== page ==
9.1 PHP Overview

9.1.1 A Simple PHP Script

9.1.2 Using PHP Library Files for Code Encapsulation

9.1.3 A Simple Data-Retrieval Page

9.1.4 Processing Statement Results

9.1.5 Testing for NULL Values in Query Results

9.1.6 Using Prepared Statements

9.1.7 Using Placeholders to Handle Data Quoting Issues

9.1.8 Handling Errors

9.2 Putting PHP to Work

9.2.1 An Online Score-Entry Application

9.2.2 Creating an Interactive Online Quiz

9.2.3 Historical League Online Member Entry Editing

Part III: MySQL Administration

Chapter 10 Introduction to MySQL Administration

10.1 MySQL Components

10.2 General MySQL Administration

10.3 Access Control and Security

10.4 Database Maintenance, Backups, and Replication

Chapter 11 The MySQL Data Directory

11.1 The Data Directory Location

11.2 Structure of the Data Directory

11.2.1 How the MySQL Server Provides Access to Data

11.2.2 Representation of Databases in the Filesystem

11.2.3 Representation of Tables in the Filesystem

11.2.4 Representation of Views and Triggers in the Filesystem

11.2.5 How SQL Statements Map onto Table File Operations

11.2.6 Operating System Constraints on Database Object Names

11.2.7 Factors That Affect Maximum Table Size

11.2.8 Implications of Data Directory Structure for System Performance

11.2.9 MySQL Status and Log Files

11.3 Relocating Data Directory Contents

11.3.1 Relocation Methods

11.3.2 Relocation Precautions

11.3.3 Assessing the Effect of Relocation

11.3.4 Relocating the Entire Data Directory

11.3.5 Relocating Individual Databases

11.3.6 Relocating Individual Tables

11.3.7 Relocating the InnoDB System Tablespace

11.3.8 Relocating Status and Log Files

Chapter 12 General MySQL Administration

12.1 Securing a New MySQL Installation

12.1.1 Establishing Passwords for the Initial MySQL Accounts

12.1.2 Setting Up Passwords for Additional Servers

12.2 Arranging for MySQL Server Startup and Shutdown

12.2.1 Running the MySQL Server On Unix

12.2.2 Running the MySQL Server On Windows

12.2.3 Specifying Server Startup Options

12.2.4 Controlling How the Server Listens for Connections

12.2.5 Stopping the Server

12.2.6 Regaining Control of the Server When You Cannot Connect to It

12.3 Using System and Status Variables

12.3.1 Checking and Setting System Variable Values

12.3.2 Checking Status Variable Values

12.4 The Plugin Interface

12.5 Storage Engine Configuration

12.5.1 Selecting Storage Engines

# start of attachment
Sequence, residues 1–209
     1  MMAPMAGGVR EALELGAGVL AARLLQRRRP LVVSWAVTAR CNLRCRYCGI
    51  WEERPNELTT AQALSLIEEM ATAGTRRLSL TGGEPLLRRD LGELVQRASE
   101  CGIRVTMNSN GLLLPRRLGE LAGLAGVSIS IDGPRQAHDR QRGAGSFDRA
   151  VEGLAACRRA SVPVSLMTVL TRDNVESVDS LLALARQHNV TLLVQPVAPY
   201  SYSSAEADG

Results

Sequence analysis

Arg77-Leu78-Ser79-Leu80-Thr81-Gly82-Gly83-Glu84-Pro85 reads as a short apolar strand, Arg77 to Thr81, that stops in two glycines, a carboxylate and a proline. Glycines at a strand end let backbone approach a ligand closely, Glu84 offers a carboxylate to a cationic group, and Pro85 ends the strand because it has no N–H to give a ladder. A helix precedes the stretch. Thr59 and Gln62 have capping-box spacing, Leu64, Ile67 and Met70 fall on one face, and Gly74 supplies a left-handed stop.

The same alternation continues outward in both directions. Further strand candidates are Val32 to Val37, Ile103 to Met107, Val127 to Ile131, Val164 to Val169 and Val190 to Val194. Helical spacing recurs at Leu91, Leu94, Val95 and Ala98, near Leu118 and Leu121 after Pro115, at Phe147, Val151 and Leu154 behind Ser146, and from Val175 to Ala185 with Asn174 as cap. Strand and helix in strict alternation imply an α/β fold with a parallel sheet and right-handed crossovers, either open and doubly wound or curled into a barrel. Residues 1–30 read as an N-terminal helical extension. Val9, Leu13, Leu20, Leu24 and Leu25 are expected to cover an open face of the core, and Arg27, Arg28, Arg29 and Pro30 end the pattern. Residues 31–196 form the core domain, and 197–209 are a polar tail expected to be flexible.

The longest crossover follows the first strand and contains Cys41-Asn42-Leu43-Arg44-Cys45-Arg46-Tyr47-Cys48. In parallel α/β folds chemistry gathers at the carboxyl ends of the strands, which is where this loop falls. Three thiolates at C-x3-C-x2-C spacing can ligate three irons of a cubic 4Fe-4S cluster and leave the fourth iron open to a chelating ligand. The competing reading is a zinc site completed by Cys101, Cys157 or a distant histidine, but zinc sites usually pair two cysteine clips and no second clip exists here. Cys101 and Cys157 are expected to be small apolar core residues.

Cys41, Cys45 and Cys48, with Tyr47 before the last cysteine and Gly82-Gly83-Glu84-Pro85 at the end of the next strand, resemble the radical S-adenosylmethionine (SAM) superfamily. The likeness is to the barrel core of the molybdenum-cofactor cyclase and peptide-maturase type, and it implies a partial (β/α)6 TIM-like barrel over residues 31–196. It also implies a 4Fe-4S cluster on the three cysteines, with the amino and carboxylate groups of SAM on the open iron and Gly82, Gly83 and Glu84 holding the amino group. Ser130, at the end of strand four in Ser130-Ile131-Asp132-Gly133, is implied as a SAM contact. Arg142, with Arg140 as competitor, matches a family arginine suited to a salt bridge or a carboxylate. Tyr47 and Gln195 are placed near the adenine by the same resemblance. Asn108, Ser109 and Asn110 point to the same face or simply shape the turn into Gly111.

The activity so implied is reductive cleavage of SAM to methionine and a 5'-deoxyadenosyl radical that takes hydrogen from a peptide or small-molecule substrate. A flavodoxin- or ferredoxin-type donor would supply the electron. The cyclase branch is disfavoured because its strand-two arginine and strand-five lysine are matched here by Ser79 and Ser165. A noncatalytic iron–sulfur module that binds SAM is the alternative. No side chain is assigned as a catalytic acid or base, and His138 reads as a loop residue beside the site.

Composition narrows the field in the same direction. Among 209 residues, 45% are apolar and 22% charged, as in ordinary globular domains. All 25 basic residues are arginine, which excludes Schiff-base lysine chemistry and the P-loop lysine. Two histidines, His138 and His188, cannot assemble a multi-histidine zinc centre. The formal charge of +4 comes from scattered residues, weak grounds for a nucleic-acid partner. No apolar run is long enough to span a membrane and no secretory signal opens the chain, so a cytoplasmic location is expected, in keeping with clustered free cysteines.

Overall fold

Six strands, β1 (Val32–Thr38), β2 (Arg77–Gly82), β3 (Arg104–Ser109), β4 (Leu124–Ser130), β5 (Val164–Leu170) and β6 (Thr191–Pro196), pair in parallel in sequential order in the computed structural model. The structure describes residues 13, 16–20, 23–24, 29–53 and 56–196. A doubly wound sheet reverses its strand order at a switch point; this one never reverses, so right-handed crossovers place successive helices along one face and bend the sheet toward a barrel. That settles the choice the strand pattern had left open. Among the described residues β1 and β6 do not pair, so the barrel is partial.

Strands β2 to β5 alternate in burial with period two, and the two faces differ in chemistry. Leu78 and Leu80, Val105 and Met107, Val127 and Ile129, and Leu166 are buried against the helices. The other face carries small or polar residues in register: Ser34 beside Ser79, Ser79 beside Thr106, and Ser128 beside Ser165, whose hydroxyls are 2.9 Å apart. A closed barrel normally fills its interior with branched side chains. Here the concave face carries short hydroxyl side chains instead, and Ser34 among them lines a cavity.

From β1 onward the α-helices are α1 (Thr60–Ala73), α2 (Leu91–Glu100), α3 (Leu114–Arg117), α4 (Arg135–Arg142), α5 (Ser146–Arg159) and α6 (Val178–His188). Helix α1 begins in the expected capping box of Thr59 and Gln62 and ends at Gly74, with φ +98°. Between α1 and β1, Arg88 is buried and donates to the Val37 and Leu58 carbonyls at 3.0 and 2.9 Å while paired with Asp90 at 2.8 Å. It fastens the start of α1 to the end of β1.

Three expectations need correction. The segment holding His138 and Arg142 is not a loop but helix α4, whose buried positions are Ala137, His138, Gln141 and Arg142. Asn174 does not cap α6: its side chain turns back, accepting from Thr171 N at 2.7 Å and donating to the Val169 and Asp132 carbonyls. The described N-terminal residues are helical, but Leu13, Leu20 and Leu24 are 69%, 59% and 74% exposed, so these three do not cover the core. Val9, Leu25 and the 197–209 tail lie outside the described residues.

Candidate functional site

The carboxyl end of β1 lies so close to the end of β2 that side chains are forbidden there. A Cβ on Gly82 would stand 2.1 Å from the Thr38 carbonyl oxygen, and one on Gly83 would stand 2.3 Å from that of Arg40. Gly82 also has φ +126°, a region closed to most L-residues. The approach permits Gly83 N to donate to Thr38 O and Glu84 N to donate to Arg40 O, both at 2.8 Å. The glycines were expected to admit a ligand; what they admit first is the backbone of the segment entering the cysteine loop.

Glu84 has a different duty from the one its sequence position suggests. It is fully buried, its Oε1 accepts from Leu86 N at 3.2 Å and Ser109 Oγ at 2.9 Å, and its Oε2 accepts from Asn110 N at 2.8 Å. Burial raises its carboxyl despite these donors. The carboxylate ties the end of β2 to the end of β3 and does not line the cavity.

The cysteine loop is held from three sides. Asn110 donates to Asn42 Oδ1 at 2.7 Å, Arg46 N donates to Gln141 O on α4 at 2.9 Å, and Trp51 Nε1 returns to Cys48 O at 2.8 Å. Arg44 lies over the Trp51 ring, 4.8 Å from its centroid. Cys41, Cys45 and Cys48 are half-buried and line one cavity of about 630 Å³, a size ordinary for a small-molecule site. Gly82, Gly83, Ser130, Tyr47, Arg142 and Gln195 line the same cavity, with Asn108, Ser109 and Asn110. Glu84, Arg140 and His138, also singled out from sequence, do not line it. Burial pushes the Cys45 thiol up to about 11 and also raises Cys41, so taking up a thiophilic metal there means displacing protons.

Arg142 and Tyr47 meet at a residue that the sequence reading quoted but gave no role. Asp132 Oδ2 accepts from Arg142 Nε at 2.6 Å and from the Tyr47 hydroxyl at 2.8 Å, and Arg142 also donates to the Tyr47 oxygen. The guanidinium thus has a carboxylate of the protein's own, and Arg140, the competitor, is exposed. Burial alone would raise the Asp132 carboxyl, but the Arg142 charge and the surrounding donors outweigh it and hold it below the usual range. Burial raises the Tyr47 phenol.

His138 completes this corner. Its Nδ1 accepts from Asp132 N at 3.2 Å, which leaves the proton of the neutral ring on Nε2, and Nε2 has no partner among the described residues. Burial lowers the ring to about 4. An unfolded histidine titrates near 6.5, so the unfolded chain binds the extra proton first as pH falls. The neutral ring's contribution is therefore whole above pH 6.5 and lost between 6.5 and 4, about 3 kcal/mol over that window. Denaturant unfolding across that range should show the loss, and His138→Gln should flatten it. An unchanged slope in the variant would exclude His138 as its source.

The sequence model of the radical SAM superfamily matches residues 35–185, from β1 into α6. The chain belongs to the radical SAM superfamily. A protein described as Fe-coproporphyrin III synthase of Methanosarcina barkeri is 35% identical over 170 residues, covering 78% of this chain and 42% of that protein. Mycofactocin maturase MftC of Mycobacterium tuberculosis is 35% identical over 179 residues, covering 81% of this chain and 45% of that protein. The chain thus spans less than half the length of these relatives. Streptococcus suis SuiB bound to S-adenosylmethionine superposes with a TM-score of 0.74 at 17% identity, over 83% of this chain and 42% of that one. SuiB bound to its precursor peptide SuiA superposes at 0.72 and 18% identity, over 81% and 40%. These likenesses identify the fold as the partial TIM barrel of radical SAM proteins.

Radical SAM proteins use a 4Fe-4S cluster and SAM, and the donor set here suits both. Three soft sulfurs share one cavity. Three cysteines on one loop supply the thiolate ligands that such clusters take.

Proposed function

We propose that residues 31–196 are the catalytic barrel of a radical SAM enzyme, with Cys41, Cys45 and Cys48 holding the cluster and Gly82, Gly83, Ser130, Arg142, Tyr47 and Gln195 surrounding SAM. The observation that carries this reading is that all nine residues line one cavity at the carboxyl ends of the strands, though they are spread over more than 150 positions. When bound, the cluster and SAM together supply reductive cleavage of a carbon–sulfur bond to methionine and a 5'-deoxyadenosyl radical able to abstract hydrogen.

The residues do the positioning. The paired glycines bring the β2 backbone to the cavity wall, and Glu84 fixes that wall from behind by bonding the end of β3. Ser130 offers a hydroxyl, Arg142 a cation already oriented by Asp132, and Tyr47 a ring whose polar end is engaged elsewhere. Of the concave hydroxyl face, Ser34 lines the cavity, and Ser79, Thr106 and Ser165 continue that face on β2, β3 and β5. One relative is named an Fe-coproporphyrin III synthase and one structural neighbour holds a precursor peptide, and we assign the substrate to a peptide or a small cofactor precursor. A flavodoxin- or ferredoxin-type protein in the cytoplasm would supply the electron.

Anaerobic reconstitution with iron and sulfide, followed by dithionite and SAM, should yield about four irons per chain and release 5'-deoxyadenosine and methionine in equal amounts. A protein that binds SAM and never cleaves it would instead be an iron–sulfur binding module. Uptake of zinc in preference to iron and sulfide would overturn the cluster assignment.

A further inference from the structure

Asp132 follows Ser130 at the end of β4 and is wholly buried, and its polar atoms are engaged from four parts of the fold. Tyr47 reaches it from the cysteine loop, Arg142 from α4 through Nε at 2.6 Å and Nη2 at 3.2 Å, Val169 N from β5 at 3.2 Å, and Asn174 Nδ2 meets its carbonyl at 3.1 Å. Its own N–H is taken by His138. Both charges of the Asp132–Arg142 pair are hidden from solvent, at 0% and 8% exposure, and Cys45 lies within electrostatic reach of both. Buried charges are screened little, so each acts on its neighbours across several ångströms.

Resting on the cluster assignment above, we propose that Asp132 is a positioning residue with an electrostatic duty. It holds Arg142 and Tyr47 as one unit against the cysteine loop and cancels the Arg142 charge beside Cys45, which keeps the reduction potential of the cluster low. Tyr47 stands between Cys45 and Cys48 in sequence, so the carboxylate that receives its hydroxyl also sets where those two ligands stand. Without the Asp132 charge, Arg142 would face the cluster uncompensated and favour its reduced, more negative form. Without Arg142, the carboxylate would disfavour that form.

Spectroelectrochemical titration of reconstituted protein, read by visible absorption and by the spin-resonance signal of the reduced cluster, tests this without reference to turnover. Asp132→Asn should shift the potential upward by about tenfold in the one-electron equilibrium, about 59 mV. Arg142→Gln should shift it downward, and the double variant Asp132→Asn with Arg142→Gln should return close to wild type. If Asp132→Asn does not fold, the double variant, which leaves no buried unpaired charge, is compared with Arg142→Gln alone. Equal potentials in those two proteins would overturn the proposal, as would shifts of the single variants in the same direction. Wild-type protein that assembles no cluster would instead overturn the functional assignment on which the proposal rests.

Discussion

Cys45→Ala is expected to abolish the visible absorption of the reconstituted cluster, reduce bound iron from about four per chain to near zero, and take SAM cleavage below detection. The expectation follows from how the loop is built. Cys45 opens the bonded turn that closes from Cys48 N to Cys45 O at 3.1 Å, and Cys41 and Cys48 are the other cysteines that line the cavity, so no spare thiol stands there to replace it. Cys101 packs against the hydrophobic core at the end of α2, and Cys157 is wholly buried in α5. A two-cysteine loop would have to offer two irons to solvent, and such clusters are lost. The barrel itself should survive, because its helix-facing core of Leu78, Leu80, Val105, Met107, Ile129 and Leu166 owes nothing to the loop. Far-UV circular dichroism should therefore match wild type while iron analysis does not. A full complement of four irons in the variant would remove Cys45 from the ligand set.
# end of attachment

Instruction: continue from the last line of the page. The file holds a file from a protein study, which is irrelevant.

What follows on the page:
12.5.2 Selecting a Default Storage Engine

12.5.3 Configuring the InnoDB Storage Engine

12.6 Globalization Issues

12.6.1 Configuring Time Zone Support

12.6.2 Selecting the Default Character Set and Collation

12.6.3 Selecting the Language for Error Messages

12.6.4 Selecting the Locale

12.7 Server Tuning

12.7.1 General-Purpose System Variables for Server Tuning

12.7.2 Storage Engine Tuning

12.7.3 Using the Query Cache

12.7.4 Hardware Optimizations

12.8 Server Logs

12.8.1 The Error Log

12.8.2 The General Query Log

12.8.3 The Slow Query Log

12.8.4 The Binary Log

12.8.5 The Relay Log

12.8.6 Using Log Tables

12.8.7 Log Management

12.9 Running Multiple Servers

12.9.1 General Multiple Server Issues

12.9.2 Configuring and Compiling Different Servers

12.9.3 Strategies for Specifying Startup Options

12.9.4 Using mysqld_multi for Server Management

12.9.5 Running Multiple Servers on Windows

12.9.6 Running Clients of Multiple Servers

12.10 Updating MySQL

Chapter 13 Security and Access Control

13.1 Securing Filesystem Access to MySQL

13.1.1 How to Steal Data

13.1.2 Securing Your MySQL Installation

13.2 Managing MySQL User Accounts

13.2.1 High-Level MySQL Account Management

13.2.2 Granting Privileges

13.2.3 Displaying Account Privileges

13.2.4 Revoking Privileges

13.2.5 Changing Passwords or Resetting Lost Passwords

13.2.6 Avoiding Access-Control Risks

13.2.7 Pluggable Authentication and Proxy Users

13.3 Grant Table Structure and Contents

13.3.1 Grant Table Scope-of-Access Columns

13.3.2 Grant Table Privilege Columns

13.3.3 Grant Table Authentication Columns

13.3.4 Grant Table SSL-Related Columns

13.3.5 Grant Table Resource Management Columns

13.4 How the Server Controls Client Access

13.4.1 Scope Column Contents

13.4.2 Statement Access Verification

13.4.3 Scope Column Matching Order

13.4.4 A Privilege Puzzle

13.5 Setting Up Secure Connections Using SSL

Chapter 14 Database Maintenance, Backups, and Replication

14.1 Principles of Preventive Maintenance

14.2 Performing Database Maintenance with the Server Running

14.2.1 Locking Individual Tables for Read-Only or Read/Write Access

14.2.2 Locking All Databases for Read-Only Access

14.3 General Preventive Maintenance

14.3.1 Using the Server’s Auto-Recovery Capabilities

14.3.2 Scheduling Preventive Maintenance